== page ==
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  • Orange Assassin Bug - (Pselliopus barberi)

    Orange Assassin Bug - (Pselliopus barberi)

    The nymphs of the Orange Assassin Bug bear bold alarm colors that tell prudent observers they are best left undisturbed.


    Picture of Orange Assassin Bug


    Staff Writer (1/26/2017): Orange Assassin Bugs have a fang that is used to attack and stab insect prey. They are usually seen on flower or branches, looking for their next meal, sometimes with friends nearby. Adults overwinter under rocks, stones or wood piles. They are most active in spring when adults emerge from warm hiding spots, and autumn eggs laid in the spring finally hatch and prepare to overwinter.

    Like most Assassin Bugs, use caution if handling. The fang used to kill insects can also inflict a painful wound to humans.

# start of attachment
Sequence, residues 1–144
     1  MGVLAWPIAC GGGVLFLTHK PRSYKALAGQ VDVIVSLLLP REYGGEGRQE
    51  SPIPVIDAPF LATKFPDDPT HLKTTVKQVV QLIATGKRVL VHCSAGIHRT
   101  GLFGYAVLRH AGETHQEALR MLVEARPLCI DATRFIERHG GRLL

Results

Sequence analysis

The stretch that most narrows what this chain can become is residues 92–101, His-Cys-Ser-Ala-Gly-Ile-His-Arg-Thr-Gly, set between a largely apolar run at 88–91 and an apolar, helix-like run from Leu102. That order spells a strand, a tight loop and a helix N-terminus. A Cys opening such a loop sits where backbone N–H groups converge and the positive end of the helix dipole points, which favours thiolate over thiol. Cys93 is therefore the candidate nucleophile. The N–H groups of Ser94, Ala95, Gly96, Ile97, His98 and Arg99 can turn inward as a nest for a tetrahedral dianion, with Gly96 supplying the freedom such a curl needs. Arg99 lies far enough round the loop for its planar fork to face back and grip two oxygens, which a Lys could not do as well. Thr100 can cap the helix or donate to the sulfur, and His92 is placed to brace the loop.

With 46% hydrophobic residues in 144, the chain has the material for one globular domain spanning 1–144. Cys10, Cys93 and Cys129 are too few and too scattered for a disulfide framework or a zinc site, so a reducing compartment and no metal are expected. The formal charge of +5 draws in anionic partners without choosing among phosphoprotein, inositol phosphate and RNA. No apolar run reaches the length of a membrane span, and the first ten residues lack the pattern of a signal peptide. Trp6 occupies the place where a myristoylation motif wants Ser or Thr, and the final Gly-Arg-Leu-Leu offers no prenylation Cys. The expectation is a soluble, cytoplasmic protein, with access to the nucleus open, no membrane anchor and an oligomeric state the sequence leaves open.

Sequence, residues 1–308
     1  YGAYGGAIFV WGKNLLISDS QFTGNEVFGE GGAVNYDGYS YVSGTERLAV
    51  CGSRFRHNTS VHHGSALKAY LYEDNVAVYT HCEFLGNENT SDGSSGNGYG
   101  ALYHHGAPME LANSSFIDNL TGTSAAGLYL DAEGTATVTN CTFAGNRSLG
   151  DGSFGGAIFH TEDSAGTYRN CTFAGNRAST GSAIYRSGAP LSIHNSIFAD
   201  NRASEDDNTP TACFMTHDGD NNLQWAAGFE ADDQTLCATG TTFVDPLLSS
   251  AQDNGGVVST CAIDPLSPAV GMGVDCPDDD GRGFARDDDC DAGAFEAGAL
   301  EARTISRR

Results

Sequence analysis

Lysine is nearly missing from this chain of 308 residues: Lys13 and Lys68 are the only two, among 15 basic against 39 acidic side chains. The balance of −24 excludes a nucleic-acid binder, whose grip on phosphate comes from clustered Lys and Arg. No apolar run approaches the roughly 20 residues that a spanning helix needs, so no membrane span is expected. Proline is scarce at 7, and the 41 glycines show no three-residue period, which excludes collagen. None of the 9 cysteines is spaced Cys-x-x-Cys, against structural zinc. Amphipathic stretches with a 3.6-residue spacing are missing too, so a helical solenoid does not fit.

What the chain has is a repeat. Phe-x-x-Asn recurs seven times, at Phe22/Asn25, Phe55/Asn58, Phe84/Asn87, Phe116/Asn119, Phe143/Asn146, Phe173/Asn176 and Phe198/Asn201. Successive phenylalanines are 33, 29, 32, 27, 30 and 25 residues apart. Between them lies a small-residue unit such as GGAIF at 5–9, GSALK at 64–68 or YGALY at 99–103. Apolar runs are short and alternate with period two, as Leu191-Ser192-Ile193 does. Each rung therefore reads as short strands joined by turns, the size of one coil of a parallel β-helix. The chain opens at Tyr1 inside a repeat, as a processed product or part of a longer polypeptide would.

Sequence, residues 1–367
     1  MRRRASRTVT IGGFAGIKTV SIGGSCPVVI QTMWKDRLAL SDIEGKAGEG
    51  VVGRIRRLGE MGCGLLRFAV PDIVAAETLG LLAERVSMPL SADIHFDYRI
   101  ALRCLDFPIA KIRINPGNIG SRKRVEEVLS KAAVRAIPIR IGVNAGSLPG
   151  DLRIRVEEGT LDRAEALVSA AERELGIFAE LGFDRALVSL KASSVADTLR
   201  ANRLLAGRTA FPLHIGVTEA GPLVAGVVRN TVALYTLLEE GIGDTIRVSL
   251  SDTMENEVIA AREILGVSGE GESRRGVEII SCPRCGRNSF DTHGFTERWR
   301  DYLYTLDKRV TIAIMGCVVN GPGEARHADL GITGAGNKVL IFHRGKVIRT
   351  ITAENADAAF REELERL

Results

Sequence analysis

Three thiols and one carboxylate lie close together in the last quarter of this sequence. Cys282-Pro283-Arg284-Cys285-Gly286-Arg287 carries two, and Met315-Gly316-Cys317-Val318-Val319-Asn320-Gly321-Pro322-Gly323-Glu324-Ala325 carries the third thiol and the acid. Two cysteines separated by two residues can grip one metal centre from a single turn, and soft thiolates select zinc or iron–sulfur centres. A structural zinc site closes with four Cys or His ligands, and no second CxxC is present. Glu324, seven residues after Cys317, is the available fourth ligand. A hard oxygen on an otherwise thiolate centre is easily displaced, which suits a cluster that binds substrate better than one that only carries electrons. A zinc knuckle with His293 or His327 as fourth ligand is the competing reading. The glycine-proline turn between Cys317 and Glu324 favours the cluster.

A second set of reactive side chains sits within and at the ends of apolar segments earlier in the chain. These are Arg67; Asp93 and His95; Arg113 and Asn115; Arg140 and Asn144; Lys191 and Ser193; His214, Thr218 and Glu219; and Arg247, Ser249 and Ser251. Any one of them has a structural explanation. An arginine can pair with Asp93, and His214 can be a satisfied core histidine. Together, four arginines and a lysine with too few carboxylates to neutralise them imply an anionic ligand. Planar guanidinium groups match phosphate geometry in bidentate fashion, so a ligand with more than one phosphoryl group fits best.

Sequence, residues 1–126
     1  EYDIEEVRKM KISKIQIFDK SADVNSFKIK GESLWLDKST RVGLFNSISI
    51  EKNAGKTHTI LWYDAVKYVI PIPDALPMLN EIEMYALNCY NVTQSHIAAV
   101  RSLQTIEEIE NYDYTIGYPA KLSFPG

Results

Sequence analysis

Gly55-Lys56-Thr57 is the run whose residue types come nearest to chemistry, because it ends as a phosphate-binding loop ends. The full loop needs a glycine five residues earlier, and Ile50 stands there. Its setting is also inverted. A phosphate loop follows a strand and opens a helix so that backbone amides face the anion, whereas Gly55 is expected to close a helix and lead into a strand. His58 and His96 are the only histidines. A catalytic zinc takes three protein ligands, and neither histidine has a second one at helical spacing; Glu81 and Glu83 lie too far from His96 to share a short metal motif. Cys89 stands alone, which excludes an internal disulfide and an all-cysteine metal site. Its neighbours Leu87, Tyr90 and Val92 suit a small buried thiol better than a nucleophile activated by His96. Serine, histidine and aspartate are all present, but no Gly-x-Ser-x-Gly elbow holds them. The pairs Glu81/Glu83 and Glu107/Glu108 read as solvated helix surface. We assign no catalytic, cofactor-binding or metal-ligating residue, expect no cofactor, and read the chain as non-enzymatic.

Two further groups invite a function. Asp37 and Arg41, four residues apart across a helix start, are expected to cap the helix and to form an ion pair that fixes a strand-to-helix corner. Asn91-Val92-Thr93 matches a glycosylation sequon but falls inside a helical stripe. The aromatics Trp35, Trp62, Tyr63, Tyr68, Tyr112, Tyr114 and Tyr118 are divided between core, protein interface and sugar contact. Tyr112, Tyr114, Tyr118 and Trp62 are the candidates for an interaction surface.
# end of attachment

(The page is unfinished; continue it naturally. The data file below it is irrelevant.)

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    Details of the:
    Orange Assassin Bug


    Category: True Bug
    Common name: Orange Assassin Bug
    Scientific Name: Pselliopus barberi

    Taxonomy:
      Kingdom: Animalia
       Phylum: Arthropoda
        Class: Insecta
         Order: Hemiptera
          Family: Reduviidae
           Genus: Pselliopus
            Species: barberi





    Size (Adult, Length): 12mm to 14mm (0.47in to 0.55in)

    Identifying Colors: yellow, black, brown

    Additional Descriptors: stripes, spots, fang, snout, flying, biting, curved, arched


    North American Reach (Though Not Limited To*): Alabama; Arkansas; Delaware; Florida; Georgia; Illinois; Indiana; Iowa; Kansas; Kentucky; Louisiana; Maryland; Massachusetts; Michigan; Mississippi; Missouri; Nebraska; New Jersey; New York; North Carolina; Ohio; Oklahoma; Pennsylvania; Rhode Island; South Carolina; Tennessee; Texas; Virginia; West Virginia; Wisconsin; Wyoming; Mexico


    * Keep in mind that an insect's reach is not limited by lines on a map and therefore may appear in areas/regions/states beyond those listed above.





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